best care available. This means more choice in the treatment options we can offer and in an environment designed to meet ever-changing needs. Pregnancy loss matters, bereavement hurts. Like a pebble in a pool we understand the ripple effect of the pain felt by others in the family. So help us make a difference, to make a difficult time a little easier. It could be someone you know.
Hysteroscopy Clinic In the Hysteroscopy clinic we see women with a range of menstrual problems that can cause anaemia, considerable pain and emotional distress. Women we see tell us that it affects their work, they feel socially isolated and embarrassed and their sexual relations are often affected. Women are referred either because of concerns that they may have womb cancer or with non cancer (benign) conditions such as fibroids. We see women of all ages from teenagers to very frail, 11
elderly ladies who often are immobile and are wheelchair users. Women are often supported by friends or relatives. Bleeding from the womb is embarrassing and distressing. The assessment and treatment requires an environment that can deliver high quality care in a safe and relaxing environment that is centred around maintaining privacy and dignity. Our current facilities have been adapted from the old inpatient hospital facilities and not kept pace with the advances in diagnostics and therapeutic medical device technology. We urgently need to reconfigure the space. Your support and donation will help us deliver a high quality patient centred environment. You or your partner, wife, daughter, mother, friend, neighbour can be assessed and treated with state of the art equipment in an environment that maintains privacy and minimises stress and anxiety.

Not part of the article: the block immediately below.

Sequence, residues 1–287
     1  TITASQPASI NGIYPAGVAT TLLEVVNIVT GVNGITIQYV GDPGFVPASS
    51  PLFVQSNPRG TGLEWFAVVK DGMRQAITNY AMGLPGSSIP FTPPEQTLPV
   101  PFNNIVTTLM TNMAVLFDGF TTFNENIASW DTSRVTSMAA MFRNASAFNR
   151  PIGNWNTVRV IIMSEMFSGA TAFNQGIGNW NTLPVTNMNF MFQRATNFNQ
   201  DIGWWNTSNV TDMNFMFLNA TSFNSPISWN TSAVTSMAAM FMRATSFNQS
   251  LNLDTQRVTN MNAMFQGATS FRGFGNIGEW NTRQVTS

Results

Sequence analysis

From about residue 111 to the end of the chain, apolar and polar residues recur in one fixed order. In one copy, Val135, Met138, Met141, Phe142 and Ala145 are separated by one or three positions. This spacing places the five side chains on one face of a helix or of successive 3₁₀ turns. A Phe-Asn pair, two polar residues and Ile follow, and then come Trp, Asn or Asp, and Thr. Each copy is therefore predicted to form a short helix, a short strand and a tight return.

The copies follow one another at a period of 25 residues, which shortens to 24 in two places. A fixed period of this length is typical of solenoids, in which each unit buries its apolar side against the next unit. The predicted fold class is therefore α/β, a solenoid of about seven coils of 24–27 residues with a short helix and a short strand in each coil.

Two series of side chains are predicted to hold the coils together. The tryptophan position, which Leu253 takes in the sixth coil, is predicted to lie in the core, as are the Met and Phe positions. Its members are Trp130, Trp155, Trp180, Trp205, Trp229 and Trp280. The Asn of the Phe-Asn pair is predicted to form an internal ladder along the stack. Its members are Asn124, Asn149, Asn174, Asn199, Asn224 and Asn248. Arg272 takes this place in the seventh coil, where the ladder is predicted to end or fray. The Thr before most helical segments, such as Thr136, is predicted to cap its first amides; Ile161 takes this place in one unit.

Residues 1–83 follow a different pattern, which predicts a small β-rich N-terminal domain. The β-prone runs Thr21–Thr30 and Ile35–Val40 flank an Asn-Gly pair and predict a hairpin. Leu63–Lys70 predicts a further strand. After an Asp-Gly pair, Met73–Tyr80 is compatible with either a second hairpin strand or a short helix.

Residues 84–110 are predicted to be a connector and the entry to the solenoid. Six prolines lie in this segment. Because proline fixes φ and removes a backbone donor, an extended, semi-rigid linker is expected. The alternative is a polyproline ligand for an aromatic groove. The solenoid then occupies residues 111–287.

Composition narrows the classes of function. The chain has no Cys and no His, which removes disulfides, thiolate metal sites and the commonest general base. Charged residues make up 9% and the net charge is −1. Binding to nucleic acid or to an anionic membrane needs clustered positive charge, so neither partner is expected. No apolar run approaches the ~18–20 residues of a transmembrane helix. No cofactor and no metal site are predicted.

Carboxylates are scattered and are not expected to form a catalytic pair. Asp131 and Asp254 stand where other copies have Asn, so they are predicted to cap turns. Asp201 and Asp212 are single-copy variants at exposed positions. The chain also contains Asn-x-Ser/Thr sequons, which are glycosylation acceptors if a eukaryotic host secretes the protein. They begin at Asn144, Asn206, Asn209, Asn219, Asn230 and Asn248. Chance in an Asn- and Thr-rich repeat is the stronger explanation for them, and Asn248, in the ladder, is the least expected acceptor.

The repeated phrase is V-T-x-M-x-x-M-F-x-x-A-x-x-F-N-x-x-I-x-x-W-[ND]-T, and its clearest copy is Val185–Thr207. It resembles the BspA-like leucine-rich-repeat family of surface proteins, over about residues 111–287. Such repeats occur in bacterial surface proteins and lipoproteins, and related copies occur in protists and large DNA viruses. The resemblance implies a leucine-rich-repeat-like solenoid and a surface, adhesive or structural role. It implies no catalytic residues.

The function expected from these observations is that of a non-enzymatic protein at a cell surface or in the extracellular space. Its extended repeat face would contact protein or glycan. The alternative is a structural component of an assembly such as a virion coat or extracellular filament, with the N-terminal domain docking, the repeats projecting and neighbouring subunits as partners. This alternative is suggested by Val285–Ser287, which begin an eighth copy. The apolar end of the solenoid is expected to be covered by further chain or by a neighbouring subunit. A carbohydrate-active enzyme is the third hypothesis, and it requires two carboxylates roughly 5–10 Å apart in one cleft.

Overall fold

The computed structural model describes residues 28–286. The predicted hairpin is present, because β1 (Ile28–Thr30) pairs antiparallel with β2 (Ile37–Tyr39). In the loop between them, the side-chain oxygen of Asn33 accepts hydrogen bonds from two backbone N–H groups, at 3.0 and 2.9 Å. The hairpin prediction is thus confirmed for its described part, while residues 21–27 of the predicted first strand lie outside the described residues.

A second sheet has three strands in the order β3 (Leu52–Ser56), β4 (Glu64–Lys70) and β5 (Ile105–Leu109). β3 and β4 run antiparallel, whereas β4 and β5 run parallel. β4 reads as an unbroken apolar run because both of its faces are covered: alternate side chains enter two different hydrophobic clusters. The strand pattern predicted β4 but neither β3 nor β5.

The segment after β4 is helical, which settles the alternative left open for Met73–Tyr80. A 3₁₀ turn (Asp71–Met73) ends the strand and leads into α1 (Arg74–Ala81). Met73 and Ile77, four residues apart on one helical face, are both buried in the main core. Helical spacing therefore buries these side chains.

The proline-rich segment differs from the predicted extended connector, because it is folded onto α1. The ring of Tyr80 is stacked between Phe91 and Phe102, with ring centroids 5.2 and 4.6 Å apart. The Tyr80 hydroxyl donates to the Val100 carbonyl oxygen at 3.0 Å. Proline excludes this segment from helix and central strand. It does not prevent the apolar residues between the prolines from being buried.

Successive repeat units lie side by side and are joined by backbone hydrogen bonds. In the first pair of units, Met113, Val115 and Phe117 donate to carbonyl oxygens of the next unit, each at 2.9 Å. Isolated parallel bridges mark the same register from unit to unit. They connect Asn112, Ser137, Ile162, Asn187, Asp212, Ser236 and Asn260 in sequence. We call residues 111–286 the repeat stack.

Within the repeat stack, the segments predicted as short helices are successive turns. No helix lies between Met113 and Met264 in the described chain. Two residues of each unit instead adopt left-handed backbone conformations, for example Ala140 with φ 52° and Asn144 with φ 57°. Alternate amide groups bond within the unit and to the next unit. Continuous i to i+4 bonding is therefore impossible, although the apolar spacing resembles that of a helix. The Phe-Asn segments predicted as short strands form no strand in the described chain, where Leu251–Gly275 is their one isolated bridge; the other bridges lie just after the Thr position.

Urogynaecology and Urodynamics Incontinence and bladder problems are distressing and very common among women of all ages. It can have a huge impact on a woman’s quality of life effecting body image, day to day activity and relationships. Some women feel they can’t participate in exercise, wear attractive clothing or even enjoy playing with their children or grandchildren. Urogynaecology is one of the many subspecialties under the umbrella of gynaecology and helps women with urinary incontinence. There are lots of different reasons why this can happen and it’s not always due to just to having children. One of the main investigations we use in urogynaecology is a test called urodynamics. This involves filling the bladder, using a catheter, so that we can observe and measure what happens when it is put under stress following, for example, a cough. The aim is to reproduce our patient’s symptoms so that we can decide on the best care and treatment for them.